Economics of Airport Development
May 26, 2006

Economics of Airport Development

by Dr. Rudy Matthias  26.MAY.06

The government has taken a decision to build a new international airport at Argyle, at a cost of about EC$500 million. This is a huge investment, relative to the economic size of the country. Citizens would naturally therefore raise questions about this investment. And when they do, we must answer truthfully and forthrightly in every regard. The people of the country always have the right to know how the country’s resources are spent and what benefits the present and future generations could reasonably expect to derive from government investments.{{more}}

I intend to use this column in the coming months to share with readers my own thoughts on the economics of the international airport project on mainland St. Vincent.

As the first article in this series, I will start by exploring, in a general way, the role of governments in the economy and later on move to deal specifically with the range of issues touching on the economic impact of the government’s decision to invest in the airport.

There are two main views on the role of governments in economic development. On one hand, there is a view that economies in which government spending is comparatively small tend to be more efficient than those in which governments spend more. Large public spending is usually seen as creating distortionary economic effects, as the public sector in most countries is inherently inefficient and therefore, the bigger the size of the government relative to rest of the economy, the more inefficient that economy. We all know that efficiency means higher rates of productivity and faster rates of wealth accumulation, meaning that people become wealthier faster.

Another concern with a government’s expanded role in the economy is the tendency for “big” governments to run large and persistent fiscal deficits, accumulate large public debts, and often times these spending tend to overheat the economy, creating rising and high levels of inflation, but generate at times only marginal welfare gains. People who hold this view often argue that governments should limit their roles to a core set of functions that most people would normally expect the government to provide. This view is also consistent with the belief that free market economies with “small” governments are more efficient at organising for the distribution and allocation of the country’s scarce resources.

These views are not only held by the public. Government policies in many countries are also shaped by this thinking. In those cases, governments try to ensure that current public spending does not burden future generations unduly. Governments do this by organising their budgets so that recurrent expenditures, as far as possible, are paid from recurrent revenues. This means that these governments strive for a balanced budget, at least on the recurrent side of the fiscal accounts. On the capital side of the accounts though, government may take the view that a mix of debt and savings from the recurrent budget would be an appropriate way of financing the capital budget; that is, the large government projects that are likely to provide benefits to the country over a number of years. Of course, when debt financing is used for capital projects, both current and future generations are made to pay for those projects through taxation.

There are others who view the role of government in a different way. These people support an active public spending programme, arguing that smaller government spending as a policy goal makes little sense, since governments can play a pivotal role in the economy, through both the size and allocation of their expenditure. In the Caribbean, for example, we live in small countries where governments are often times required to take the leading role in the economy, either because of the absence of a vibrant private sector or because there are goods and services that must be provided to the populace, but the returns from which are too small to attract private investment in the provision of those goods and services.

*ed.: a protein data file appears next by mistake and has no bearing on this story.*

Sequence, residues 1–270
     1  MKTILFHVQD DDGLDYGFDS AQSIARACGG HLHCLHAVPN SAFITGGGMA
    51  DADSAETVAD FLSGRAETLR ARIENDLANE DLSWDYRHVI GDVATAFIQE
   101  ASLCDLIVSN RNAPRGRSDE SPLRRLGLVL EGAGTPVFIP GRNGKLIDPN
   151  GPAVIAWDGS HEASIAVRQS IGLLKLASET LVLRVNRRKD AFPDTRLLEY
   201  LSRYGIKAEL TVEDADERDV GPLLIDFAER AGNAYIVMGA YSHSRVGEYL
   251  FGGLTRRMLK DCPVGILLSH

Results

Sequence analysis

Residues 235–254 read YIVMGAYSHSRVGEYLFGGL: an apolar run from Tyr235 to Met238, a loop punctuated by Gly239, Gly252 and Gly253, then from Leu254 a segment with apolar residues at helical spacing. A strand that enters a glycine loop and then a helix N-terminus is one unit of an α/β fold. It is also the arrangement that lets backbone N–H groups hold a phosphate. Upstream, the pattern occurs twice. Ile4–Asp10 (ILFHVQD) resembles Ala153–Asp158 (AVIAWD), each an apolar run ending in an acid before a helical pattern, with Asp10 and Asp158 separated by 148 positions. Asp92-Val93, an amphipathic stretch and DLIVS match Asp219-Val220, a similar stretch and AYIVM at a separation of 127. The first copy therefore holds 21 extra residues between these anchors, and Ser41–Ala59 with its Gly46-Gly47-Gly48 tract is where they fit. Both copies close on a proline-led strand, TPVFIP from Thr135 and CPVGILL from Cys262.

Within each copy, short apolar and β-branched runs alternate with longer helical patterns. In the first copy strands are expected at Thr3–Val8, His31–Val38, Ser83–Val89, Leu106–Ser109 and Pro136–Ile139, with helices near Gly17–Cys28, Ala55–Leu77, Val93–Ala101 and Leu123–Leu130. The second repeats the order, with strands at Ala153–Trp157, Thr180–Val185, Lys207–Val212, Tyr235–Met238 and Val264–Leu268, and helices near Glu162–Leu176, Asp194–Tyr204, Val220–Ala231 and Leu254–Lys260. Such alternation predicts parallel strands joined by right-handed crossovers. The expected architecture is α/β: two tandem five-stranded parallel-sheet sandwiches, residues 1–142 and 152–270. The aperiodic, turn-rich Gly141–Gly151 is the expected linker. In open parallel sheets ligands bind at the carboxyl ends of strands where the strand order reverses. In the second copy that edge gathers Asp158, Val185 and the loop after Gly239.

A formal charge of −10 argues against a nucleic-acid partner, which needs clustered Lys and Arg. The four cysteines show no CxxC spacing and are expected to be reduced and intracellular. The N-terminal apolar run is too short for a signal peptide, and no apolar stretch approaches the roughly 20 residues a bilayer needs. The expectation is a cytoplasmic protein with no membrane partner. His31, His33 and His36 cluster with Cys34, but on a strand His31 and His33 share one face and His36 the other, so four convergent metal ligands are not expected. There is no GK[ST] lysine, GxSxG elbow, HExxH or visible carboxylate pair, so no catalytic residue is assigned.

In addition, everyone would agree that governments in all countries have an obligation to provide for the maintenance of law and order, and in most countries of the world, governments are also expected to play a leading role in the provision of education and health services. For instance, governments, in my view, have a responsibility to promote social equity, which they may do through their spending on reducing unemployment levels and on programmes in education and health. Again, as an example, investment in the education of women, especially in the poorest countries of the world, are usually associated with lower fertility rates, lower infant mortality rates, increasing life expectancy, and generally a better quality of family life.

Governments that have socialist agendas also use their budgetary allocations to influence income distribution. We all know that investment in education, or as some would say, human resource development, can play a meaningful role in raising the productivity of each worker, generating higher personal incomes and helping to alleviate poverty.

The points raised so far point to a social developmental role for government, but also suggest that government spending should be well targeted at the maintenance of law and order, income distribution, raising the productivity of labour and providing goods and services that the market would not normally provide because the returns from such do not justify the investment to be made. Perhaps one of the best examples of a service that is needed in this country, but for which the returns are not likely to attract the private sector, is an international airport on mainland St. Vincent. In the next article, I will attempt to justify government’s investment in this kind of infrastructure.